A further pair of guide rollers 33a and 33b guide a vertical endless belt 34, which is disposed above the outlet end of a gap formed between the belts 10C and 14A for the passage of the felt 11.
Beyond the belt 10C, in the direction of advance of the felt 11, the endless belt 10D is guided about a pair of rollers 35a and 35b, which are rotatably mounted at opposite ends of an oscillatory frame 36.
The frame 36 is mounted for oscillation about the axis of a pivot shaft 37 extending transversely of the belt 10D, and an electric drive motor 39 is connected by a drive chain 40 to a crank mechanism indicated generally by reference numeral 41 for vertically reciprocating a vertical arm 42.
The upper end of the arm 42 is adjustably secured to a vertical plate 43 by means of a manually engageable locking device 44 engaging in an arcuate slot 45 in the plane 43, and is adjustable along the slot 45 for varying the angle of oscillation of the frame 36.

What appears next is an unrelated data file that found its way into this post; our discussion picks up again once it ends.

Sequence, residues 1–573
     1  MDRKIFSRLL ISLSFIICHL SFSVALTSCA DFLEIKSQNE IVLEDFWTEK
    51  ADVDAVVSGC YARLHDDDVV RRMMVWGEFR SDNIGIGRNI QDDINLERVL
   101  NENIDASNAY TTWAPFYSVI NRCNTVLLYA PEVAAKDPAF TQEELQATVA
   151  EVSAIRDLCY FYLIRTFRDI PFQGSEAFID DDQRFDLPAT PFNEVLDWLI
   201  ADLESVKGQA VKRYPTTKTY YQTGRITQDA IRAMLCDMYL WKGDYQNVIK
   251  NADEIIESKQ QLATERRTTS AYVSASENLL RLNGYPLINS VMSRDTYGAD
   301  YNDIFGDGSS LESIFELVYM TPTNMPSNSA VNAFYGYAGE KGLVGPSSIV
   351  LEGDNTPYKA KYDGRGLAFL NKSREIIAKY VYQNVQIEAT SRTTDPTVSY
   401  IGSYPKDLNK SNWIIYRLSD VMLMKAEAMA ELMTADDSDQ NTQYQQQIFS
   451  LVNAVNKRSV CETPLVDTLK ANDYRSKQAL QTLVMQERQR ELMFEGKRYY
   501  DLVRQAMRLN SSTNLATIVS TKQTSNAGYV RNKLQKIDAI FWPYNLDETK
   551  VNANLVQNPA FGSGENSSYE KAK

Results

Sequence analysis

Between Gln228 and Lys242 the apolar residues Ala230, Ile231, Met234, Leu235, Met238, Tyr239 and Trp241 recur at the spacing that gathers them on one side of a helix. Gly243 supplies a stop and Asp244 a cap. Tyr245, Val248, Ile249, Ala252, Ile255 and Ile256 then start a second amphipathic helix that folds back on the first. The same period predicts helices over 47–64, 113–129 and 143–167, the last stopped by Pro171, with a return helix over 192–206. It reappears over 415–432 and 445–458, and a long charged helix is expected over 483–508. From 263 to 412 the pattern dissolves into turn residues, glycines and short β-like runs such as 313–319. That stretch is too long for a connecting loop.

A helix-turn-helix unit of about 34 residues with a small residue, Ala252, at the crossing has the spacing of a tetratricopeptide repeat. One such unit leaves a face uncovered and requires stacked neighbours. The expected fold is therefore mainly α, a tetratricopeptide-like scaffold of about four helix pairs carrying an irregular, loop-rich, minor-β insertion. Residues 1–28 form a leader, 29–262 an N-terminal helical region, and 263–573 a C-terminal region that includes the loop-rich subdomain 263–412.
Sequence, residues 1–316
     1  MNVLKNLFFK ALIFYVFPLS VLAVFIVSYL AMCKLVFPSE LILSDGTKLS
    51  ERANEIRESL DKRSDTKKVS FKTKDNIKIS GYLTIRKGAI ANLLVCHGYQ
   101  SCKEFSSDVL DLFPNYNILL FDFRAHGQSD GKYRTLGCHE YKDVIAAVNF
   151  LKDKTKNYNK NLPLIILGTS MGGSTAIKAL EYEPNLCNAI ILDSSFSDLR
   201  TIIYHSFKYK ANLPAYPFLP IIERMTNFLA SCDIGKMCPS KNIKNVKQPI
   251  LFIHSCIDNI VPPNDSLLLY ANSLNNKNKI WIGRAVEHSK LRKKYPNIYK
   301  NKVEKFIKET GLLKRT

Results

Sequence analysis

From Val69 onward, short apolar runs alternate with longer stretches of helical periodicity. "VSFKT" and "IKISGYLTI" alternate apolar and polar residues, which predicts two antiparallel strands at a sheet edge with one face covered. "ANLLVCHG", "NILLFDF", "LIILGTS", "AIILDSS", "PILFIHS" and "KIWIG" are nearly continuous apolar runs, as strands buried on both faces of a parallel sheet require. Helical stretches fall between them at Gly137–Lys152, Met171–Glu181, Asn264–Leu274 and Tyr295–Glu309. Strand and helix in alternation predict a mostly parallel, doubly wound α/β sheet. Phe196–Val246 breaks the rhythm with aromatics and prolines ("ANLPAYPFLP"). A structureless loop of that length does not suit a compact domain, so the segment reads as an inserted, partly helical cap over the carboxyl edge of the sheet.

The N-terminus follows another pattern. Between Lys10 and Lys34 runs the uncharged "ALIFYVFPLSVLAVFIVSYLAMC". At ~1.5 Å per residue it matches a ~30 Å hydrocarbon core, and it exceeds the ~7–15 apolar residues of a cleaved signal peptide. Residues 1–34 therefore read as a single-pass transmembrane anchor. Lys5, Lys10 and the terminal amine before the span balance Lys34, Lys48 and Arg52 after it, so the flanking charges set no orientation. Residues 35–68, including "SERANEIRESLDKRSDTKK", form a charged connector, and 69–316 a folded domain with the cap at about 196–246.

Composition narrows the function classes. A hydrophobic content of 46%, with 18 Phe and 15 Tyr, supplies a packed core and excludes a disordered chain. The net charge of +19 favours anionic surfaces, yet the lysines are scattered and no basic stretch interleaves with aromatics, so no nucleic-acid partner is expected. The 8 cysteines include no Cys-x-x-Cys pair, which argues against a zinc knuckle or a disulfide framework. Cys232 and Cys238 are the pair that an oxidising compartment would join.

An electric drive motor 47 is connected by a chain and sprocket drive transmission 48 and 49 to the roller 35b, which is rotatable about the shaft 37 for driving the endless belt 10D.
Since this pleater mechanism is of known and conventional construction, it will not be described in greater detail herein.
The operation of the above-described apparatus is as follows.
As the felt 11 advances from the forming hood 12 towards the pleater mechanism, and as a consequence of the normal operation of the forming hood 12, the fibres of the felt 11 extend, in general, longitudinally thereof.